"Now all HP need do is make a 30in version!"

No, now all they need to do is make one that's a tenth as expensive aimed at the general population.

However, hopefully all the technology in this HP will filter down to us consumers in a couple of years time. 10bit colour reproduction, and all the goodies on offer here, sound like something I'd like to upgrade to in a couple of years time, when the price is more sensible.


April 1, 2009, 7:38 am

I mean 30-bit panel (when are TR going to introduce an edit function?).


April 1, 2009, 3:11 pm

Impressive. Imagine if the cost of cars came down from tens of thousands to 2k, it would be world changing - admittedly an environmental disaster, but still a revolution.


April 1, 2009, 4:40 pm

@YG the cost has come down to that ;) http://news.bbc.co.uk/2/hi/bus...

Klaus Nordby

April 1, 2009, 8:26 pm

Thanks, Andy for a fascinating review of a fascinating product! I'm a heavy-duty graphics user and own an excellent 24" Eizo ColorEdge CG241W, still less than a year old -- but of course I love to read about progress in this field.

But I'd like to point out that your article seems to confuse *bit-depth* and *color gamut*. However, there is ZERO connection between these two phenomena: the color space a monitor can display (sRGB, Adobe RGB, etc.) is not in any way controlled or limited by bit-depth.

Also, 10-bits/channel sounds nice, yes -- however, we'd need a graphics card capable of outputting this, instead of the usual 8-bit/channel. So which cards would you recommend for this purpose? Years ago, Matrox made one, but since then I've heard nothing about 10-bits/channel graphics cards. If you know things I don't know -- I'll be happy to know about it! :-)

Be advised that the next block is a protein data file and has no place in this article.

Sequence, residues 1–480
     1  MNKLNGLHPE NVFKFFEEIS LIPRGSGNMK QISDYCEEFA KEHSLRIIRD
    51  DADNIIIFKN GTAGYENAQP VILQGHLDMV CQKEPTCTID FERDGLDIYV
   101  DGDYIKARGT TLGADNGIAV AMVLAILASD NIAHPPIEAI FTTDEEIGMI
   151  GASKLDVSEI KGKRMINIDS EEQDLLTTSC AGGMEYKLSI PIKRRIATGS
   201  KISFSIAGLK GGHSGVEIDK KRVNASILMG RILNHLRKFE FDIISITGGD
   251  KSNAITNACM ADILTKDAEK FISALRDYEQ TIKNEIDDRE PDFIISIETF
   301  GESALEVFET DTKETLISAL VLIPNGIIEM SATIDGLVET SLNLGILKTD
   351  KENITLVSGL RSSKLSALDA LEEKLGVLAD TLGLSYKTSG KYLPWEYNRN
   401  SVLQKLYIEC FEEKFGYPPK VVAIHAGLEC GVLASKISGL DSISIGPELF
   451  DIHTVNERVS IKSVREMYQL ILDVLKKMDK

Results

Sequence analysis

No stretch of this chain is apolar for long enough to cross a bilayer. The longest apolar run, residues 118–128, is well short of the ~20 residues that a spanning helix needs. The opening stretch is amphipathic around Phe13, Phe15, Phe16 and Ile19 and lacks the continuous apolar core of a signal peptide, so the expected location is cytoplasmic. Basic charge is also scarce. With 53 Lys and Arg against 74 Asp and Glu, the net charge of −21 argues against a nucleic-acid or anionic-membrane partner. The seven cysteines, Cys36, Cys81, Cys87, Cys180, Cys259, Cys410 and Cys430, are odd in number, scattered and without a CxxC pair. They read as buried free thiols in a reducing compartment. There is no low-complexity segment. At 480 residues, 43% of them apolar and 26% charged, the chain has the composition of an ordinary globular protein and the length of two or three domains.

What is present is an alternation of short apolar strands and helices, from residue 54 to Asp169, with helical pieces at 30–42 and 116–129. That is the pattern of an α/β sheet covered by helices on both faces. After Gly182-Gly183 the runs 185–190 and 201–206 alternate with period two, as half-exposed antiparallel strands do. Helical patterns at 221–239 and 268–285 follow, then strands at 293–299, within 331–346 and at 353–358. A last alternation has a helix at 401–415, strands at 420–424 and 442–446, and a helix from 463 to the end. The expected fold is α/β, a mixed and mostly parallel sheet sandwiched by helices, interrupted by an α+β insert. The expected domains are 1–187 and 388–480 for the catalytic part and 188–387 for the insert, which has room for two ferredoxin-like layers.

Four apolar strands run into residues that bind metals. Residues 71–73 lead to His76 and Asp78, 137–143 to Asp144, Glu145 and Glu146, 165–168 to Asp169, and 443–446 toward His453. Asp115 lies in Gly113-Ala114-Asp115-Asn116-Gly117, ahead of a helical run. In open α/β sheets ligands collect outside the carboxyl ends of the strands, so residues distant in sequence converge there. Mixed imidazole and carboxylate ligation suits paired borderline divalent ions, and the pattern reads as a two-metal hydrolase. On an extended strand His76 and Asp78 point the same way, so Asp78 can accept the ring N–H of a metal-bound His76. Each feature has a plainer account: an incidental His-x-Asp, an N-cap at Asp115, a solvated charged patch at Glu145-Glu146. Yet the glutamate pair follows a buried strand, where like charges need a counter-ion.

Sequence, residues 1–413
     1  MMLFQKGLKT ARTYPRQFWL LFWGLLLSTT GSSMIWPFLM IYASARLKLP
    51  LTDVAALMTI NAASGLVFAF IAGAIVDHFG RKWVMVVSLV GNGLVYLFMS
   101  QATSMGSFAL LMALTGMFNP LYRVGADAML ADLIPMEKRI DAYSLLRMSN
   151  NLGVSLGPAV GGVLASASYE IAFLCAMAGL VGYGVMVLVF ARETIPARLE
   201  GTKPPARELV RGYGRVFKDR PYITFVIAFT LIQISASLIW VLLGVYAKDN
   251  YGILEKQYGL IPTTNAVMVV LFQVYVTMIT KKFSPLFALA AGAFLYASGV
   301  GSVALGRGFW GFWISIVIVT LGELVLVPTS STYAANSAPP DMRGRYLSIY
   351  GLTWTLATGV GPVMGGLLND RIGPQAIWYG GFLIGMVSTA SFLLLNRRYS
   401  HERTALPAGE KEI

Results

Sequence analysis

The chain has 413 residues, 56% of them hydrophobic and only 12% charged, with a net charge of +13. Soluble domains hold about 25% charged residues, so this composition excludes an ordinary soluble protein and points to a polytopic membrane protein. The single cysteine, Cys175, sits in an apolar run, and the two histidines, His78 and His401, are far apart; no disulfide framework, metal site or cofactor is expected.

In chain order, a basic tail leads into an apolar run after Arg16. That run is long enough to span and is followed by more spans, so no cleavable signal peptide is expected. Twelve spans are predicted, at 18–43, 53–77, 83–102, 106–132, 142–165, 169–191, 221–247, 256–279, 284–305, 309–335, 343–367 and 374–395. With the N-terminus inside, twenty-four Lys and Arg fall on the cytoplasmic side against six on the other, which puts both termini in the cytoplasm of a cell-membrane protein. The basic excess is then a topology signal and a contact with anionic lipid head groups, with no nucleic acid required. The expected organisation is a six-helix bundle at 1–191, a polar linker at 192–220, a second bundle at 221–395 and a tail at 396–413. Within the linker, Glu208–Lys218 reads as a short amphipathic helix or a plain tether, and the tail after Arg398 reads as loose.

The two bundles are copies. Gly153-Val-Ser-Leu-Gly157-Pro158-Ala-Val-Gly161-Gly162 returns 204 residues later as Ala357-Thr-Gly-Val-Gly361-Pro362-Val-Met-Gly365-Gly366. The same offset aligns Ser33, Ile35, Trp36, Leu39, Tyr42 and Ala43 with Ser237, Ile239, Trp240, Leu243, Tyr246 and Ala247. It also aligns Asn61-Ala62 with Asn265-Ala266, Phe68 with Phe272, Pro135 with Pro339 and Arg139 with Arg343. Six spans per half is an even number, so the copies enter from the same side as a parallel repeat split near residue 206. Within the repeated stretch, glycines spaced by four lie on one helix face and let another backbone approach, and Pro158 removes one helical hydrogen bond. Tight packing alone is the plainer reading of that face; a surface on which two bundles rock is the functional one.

April 1, 2009, 10:15 pm

Great review. If my design career takes off I might pick one up.

A little off topic, but: It really bugs me when I see the 'percent of NTSC colour gamut' specs... this is useful for US-based video editors, but NTSC is pants for colour, PAL has more depth. We used to call it 'Never The Same Colour twice' because NTSC sets use tint control in an attempt to display more colours. Rant over.



April 2, 2009, 12:34 am

@ Klaus

The ATI HD4800 series supports 30-bit depth over DVI and DisplayPort...not sure about NVIDIA cards, but the very common HD4850 is quite affordable at US$135 or less. Probably not what the owner of such a quality display has in mind (NV QuadroFXs and ATI FireGL/FirePros more likely, which also support 30-bit depth), but could most certainly afford.

I'm thinking a few of these would look great on my desktop, too bad one of them nearly costs more than my entire setup combined...


April 2, 2009, 4:28 am

Sounds really nice...but this is professional level, which I think is out of most readers budget, including mine. It's nice to read about the cream of the crop, but I think there are far more potential buyers around the 24-27" market of between 𧶲-𧺬 mark. I'm talking selfishly about my own needs here though. It'd be so great to buy a ٠k monitor and never look back!


April 5, 2009, 6:06 pm

Klaus: Are most sRGB images not designed with 8-bit in mind? If that is the case then to display any wider gamut as well you'll need a higher bit-depth so you don't lose any of the colours the original image was intended to have.

@Pbryanw: Given that 24" 8-bit monitors are still 𧹈 I'm rather doubtful we'll see 10-bit 24" monitors at 𧶀 any time soon.